Page 59 - Jewish Book Annual Volume 9 (1950-1951)

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51
ATLAS ---- SOLOMON MAIMON
was then a part of Poland. He was brought up in the usual at-
mosphere of Talmudic study. He married at 11, and became a
father at 14. At the age of 25 he left his wife and family and went
to Koenigsberg. From there he proceeded to Berlin via Stettin,
without getting permission, however, to settle in Berlin. For
about half a year he took up the wanderer’s staff in company with
a professional beggar, wandering from place to place until he
reached Posen. There he remained for two years. He then came
to Berlin and, with the exception of a short stay in Holland, re-
mained in Germany until his death.
While in Germany, Maimon attended a “gymnasium” in Ham-
burg for three years, thus attaining a fundamental knowledge of
languages, mathematics and sciences. He became a friend of
Mendelssohn, Lazarus Ben David and Markus Herz, the latter
a student and friend of Kant. He read extensively in philosophy.
From his Talmudic studies he acquired the method of critical
analysis which served him well in every field of study. He applied
the same method to the study of the
Critique
of Kant. His friend
Markus Herz sent to Kant the manuscript of the comments and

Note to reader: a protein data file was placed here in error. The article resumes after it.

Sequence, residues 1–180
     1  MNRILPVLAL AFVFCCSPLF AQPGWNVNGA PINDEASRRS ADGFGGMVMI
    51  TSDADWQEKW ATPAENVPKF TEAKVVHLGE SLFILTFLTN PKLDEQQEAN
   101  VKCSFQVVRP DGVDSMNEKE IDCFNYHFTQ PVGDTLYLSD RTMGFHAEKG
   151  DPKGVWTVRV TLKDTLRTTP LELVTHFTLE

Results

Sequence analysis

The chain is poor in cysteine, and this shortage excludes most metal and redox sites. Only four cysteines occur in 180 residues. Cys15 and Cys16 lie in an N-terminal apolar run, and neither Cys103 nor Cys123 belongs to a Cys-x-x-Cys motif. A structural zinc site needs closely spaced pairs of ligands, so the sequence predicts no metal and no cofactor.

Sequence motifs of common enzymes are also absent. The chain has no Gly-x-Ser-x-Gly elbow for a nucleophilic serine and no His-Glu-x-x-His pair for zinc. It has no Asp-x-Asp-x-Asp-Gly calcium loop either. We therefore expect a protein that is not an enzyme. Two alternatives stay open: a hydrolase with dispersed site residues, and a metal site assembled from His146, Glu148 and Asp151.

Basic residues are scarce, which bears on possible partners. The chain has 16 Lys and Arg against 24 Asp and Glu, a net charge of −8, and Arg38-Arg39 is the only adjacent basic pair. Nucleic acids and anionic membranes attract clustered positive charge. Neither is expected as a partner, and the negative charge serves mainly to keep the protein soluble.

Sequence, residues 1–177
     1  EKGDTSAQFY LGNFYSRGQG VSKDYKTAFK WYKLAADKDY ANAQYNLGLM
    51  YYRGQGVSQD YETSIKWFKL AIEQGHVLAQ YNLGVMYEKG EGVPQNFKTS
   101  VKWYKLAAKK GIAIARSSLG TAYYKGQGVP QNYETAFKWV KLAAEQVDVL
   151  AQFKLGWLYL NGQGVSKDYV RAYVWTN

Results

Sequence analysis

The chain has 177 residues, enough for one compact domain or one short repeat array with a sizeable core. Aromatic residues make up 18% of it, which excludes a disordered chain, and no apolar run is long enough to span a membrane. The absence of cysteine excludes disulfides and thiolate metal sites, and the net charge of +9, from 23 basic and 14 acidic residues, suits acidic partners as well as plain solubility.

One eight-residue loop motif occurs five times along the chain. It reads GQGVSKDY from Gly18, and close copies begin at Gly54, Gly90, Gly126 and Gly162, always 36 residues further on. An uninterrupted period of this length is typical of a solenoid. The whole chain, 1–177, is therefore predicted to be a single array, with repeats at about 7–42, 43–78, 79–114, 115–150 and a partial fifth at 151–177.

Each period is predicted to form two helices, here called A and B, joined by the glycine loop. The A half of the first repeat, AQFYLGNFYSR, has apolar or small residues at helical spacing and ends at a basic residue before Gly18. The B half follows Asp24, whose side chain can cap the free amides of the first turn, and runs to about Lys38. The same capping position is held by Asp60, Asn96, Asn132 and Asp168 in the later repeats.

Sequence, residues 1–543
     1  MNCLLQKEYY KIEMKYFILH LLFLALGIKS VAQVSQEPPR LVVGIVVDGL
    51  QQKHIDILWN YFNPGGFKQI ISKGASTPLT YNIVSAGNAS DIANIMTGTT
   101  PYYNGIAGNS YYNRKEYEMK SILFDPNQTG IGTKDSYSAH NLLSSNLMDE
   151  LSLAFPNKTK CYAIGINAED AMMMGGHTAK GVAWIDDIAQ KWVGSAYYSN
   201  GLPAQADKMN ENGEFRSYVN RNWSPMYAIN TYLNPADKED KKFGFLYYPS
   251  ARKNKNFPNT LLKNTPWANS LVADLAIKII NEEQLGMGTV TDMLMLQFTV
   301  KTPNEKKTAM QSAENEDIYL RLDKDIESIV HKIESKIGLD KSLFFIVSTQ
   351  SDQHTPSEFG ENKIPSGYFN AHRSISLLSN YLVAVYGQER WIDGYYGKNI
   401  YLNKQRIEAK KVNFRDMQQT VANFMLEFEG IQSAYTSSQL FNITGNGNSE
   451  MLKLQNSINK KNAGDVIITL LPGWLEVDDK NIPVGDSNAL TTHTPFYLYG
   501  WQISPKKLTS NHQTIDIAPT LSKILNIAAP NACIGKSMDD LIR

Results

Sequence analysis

critical notes by Maimon on the
Critique.
In a reply to Herz,
Kant writes among other things: “ . . . but a glance at the manu-
script soon enabled me to recognize its merits, and to see, not
only that none of my opponents had understood me and the main
problem so well, but that very few could claim so much penetra-
tion and subtlety of mind in profound inquiries of this sort as
Herr Maimon . . . ” Kant’s favorable reaction motivated Maimon
to publish the manuscript under the name
Versuch ueber die Trans-
cendental-philosophie
which, because of its outstanding philoso-
phical maturity, placed him in the philosophical arena of the
time. In his work, he reached a philosophical standpoint from
which he never swerved, except as regards some minor points,
in the entire course of his philosophical career.
Maimon’s material position remained precarious until Count
Kalkreuth, a nobleman with wide cultural and philosophical lean-
ings, became interested in him, both as an author and as a man,
and offered him a home on his estate in Siegersdorf near Glogau
in Silesia. He was able to make use of his host’s large library
and remained there for about five years until his own death on
November 22, 1800. In this house he wrote his last major work,
Kritische Untersuchungen ueber den Menschlichen Geist
, dedicated
to his benefactor, Count Kalkreuth, as well as a number of essays.
He was buried by the Jewish community of Glogau beyond the
pale of the cemetery as a heretic.
From the publication of his first work in 1790 until his death,
a short span of ten years, the following works came from Maimon’s